About Bob Marley

Robert Nesta "Bob" Marley (February 6, 1945 to May 11, 1981) was a Jamaican singer-songwriter and musician. He was the lead singer, songwriter and guitarist for the ska, rocksteady and reggae bands The Wailers (1964 - 1974) and Bob Marley & the Wailers (1974 - 1981). Marley remains the most widely known and revered performer of reggae music, and is credited for helping spread both Jamaican music and the Rastafari movement (of which he was a committed member), to a worldwide audience.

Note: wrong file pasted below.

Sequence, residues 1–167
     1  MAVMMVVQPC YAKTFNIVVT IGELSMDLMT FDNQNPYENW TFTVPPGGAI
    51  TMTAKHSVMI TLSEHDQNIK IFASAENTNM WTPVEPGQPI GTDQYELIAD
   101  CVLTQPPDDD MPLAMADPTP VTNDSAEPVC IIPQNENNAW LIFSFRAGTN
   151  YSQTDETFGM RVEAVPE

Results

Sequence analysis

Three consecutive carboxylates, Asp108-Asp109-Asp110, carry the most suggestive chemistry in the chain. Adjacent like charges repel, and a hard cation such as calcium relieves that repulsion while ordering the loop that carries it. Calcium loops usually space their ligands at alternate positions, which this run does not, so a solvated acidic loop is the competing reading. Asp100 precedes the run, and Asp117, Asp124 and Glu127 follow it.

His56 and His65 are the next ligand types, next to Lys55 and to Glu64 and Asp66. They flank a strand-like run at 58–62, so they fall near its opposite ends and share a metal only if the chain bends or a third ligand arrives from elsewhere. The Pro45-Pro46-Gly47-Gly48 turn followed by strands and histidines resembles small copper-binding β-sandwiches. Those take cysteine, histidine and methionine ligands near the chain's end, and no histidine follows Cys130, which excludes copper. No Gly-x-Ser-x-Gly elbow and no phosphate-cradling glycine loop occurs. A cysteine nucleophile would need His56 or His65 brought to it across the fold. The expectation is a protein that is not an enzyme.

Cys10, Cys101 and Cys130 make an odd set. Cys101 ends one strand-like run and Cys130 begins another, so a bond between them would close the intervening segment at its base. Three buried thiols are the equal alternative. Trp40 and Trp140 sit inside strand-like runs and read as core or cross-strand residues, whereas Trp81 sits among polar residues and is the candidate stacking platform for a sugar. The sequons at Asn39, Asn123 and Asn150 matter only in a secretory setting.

Marley's best known hits include "I Shot the Sheriff", "No Woman, No Cry", "Exodus", "Could You Be Loved", "Stir It Up", "Jamming", "Redemption Song", "One Love" and, together with The Wailers, "Three Little Birds", as well as the posthumous releases "Buffalo Soldier" and "Iron Lion Zion". The compilation album, Legend, released in 1984, three years after his death, is reggae's best-selling album, being 10 times Platinum (Diamond) in the U.S, and selling 20 million copies worldwide.

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